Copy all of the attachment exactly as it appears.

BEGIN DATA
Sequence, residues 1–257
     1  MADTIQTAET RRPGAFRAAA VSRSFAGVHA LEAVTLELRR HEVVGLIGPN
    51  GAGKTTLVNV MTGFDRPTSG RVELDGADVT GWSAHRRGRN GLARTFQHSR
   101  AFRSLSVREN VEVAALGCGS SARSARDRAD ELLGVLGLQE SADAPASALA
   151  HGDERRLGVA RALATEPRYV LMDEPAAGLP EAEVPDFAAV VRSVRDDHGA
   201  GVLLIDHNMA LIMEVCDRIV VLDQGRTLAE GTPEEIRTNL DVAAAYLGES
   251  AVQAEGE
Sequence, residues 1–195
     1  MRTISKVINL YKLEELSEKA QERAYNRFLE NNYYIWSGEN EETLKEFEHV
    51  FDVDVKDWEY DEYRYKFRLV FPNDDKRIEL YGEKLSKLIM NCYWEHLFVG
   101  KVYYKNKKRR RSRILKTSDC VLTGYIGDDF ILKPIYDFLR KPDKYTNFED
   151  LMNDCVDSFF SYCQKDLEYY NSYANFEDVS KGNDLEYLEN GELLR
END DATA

Sequence, residues 1–257
     1  MADTIQTAET RRPGAFRAAA VSRSFAGVHA LEAVTLELRR HEVVGLIGPN
    51  GAGKTTLVNV MTGFDRPTSG RVELDGADVT GWSAHRRGRN GLARTFQHSR
   101  AFRSLSVREN VEVAALGCGS SARSARDRAD ELLGVLGLQE SADAPASALA
   151  HGDERRLGVA RALATEPRYV LMDEPAAGLP EAEVPDFAAV VRSVRDDHGA
   201  GVLLIDHNMA LIMEVCDRIV VLDQGRTLAE GTPEEIRTNL DVAAAYLGES
   251  AVQAEGE
Sequence, residues 1–195
     1  MRTISKVINL YKLEELSEKA QERAYNRFLE NNYYIWSGEN EETLKEFEHV
    51  FDVDVKDWEY DEYRYKFRLV FPNDDKRIEL YGEKLSKLIM NCYWEHLFVG
   101  KVYYKNKKRR RSRILKTSDC VLTGYIGDDF ILKPIYDFLR KPDKYTNFED
   151  LMNDCVDSFF SYCQKDLEYY NSYANFEDVS KGNDLEYLEN GELLR